It is the duty of a horseman, as we think, to have his groom trained thoroughly in all that concerns the treatment of the horse. In the first place, then, the groom should know that he is never to knot the halter[1] at the point where the headstall is attached to the horse's head. By constantly rubbing his head against the manger, if the halter does not sit quite loose about his ears, the horse will be constantly injuring himself;[2] and with sores so set up, it is inevitable that he should show peevishness, while being bitted or rubbed down.

It is desirable that the groom should be ordered to carry out the dung and litter of the horse to some one place each day. By so doing, he will discharge the duty with least trouble to himself,[3] and at the same time be doing the horse a kindness.

The groom should also be instructed to attach the muzzle to the horse's mouth, both when taking him out to be groomed and to the rolling-ground.[4] In fact he should always muzzle him whenever he takes him anywhere without the bit. The muzzle, while it is no hindrance to respiration, prevents biting; and when attached it serves to rob the horse of opportunity for vice.[5]

Again, care should be taken to tie the horse up with the halter above his head. A horse's natural instinct, in trying to rid himself of anything that irritates the face, is to toss up his head, and by this upward movement, if so tied, he only slackens the chain instead of snapping it. In rubbing the horse down, the groom should begin with the head and mane; as until the upper parts are clean, it is vain to cleanse the lower; then, as regards the rest of the body, first brush up the hair, by help of all the ordinary implements for cleansing, and then beat out the dust, following the lie of the hair. The hair on the spine (and dorsal region) ought not to be touched with any instrument whatever; the hand alone should be used to rub and smooth it, and in the direction of its natural growth, so as to preserve from injury that part of the horse's back on which the rider sits.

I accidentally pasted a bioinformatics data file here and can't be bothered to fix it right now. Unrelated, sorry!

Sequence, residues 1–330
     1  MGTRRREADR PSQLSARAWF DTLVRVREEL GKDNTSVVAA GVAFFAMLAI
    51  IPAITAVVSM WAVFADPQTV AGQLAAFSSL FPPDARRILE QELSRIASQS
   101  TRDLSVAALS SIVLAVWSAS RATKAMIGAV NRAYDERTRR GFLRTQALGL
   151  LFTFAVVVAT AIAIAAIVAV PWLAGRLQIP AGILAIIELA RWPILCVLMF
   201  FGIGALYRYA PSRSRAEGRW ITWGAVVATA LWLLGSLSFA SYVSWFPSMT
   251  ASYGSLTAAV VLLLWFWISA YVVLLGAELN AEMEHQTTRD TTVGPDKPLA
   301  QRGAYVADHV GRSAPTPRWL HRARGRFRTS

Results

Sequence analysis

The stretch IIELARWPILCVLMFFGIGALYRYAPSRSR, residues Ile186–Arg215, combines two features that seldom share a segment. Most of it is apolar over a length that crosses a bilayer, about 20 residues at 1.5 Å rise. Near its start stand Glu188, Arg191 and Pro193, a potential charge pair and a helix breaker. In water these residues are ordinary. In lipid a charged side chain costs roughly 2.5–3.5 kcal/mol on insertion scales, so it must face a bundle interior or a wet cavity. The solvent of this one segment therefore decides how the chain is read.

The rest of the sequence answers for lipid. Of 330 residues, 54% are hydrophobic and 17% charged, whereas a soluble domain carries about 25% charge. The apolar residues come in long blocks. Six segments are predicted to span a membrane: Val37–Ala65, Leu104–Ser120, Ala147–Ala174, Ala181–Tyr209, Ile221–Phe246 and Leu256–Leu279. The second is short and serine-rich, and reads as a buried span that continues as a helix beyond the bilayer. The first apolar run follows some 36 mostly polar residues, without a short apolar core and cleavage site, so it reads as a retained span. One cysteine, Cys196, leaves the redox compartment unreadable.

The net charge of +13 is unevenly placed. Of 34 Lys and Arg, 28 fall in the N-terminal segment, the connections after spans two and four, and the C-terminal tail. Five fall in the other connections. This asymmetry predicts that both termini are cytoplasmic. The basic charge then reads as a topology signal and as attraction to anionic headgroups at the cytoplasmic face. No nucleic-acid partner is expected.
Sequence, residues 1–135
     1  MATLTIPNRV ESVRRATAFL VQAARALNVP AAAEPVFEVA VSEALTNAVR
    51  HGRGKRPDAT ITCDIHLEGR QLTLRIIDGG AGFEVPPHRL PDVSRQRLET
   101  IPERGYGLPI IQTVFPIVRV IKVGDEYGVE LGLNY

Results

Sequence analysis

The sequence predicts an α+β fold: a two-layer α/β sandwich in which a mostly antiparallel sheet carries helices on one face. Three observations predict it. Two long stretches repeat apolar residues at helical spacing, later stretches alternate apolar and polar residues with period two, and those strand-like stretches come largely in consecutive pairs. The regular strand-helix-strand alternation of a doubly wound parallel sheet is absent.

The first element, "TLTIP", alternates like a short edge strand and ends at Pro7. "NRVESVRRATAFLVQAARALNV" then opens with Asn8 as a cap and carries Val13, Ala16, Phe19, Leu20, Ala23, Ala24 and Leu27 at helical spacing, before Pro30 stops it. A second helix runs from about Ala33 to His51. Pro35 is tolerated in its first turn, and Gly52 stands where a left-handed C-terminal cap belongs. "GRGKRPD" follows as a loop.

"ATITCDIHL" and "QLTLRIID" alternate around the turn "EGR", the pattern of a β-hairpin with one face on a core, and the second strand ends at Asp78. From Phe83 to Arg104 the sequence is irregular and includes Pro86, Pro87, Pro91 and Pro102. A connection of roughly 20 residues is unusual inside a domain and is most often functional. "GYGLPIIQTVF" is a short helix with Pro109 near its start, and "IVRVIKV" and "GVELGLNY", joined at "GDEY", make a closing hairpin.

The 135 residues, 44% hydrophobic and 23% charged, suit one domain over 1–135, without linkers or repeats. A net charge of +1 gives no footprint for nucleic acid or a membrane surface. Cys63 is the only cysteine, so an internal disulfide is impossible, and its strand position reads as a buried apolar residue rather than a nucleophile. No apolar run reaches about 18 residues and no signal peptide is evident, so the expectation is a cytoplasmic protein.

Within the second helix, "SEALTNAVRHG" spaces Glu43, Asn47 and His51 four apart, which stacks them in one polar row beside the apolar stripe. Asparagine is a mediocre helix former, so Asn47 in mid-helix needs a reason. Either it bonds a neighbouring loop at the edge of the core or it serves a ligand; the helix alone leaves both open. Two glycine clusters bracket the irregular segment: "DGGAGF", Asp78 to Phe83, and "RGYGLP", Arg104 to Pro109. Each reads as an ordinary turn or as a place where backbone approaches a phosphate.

The head should be drenched with water simply; for, being bony, if you try to cleanse it with iron or wooden instruments injury may be caused. So, too, the forelock should be merely wetted; the long hairs of which it is composed, without hindering the animal's vision, serve to scare away from the eyes anything that might trouble them. Providence, we must suppose,[6] bestowed these hairs upon the horse, instead of the large ears which are given to the ass and the mule as a protection to the eyes.[7] The tail, again, and mane should be washed, the object being to help the hairs to grow--those in the tail so as to allow the creature the greatest reach possible in brushing away molesting objects,[8] and those of the neck in order that the rider may have as free a grip as possible.

Mane, forelock, and tail are triple gifts bestowed by the gods upon the horse for the sake of pride and ornament,[9] and here is the proof: a brood mare, so long as her mane is long and flowing, will not readily suffer herself to be covered by an ass; hence breeders of mules take care to clip the mane of the mare with a view to covering.[10]

Washing of the legs we are inclined to dispense with--no good is done but rather harm to the hoofs by this daily washing. So, too, excessive cleanliness of the belly is to be discouraged; the operation itself is most annoying to the horse; and the cleaner these parts are made, the thicker the swarm of troublesome things which collect beneath the belly. Besides which, however elaborately you clean these parts, the horse is no sooner led out than presently he will be just as dirty as if he had not been cleaned. Omit these ablutions then, we say; and similarly for the legs, rubbing and currying by hand is quite sufficient.

[1] Lit. "by which the horse is tied to the manger"; "licol d'ecurie."

[2] Al. "in nine cases out of ten he rubs his head . . . and ten to one will make a sore."

[3] Al. "get rid of the refuse in the easiest way."

[4] Cf. "Econ." xi. 18; Aristoph. "Clouds," 32.

[5] Or, "prevents the horse from carrying out vicious designs."

[6] Lit. "The gods, we must suppose, gave . . ."

[7] Lit. "as defences or protective bulwarks."

[8] Insects, etc.

[9] {aglaias eneka} (a poetic word). Cf. "Od." xv. 78; xvii. 310.

[10] For this belief Schneid. cf Aristot. "H. A." vi. 18; Plin. viii. 42; Aelian, "H. A." ii. 10, xi. 18, xii. 16, to which Dr. Morgan aptly adds Soph. "Fr." 587 (Tyro), a beautiful passage, {komes de penthos lagkhano polou diken, k.t.l.} (cf. Plut. "Mor." 754 A).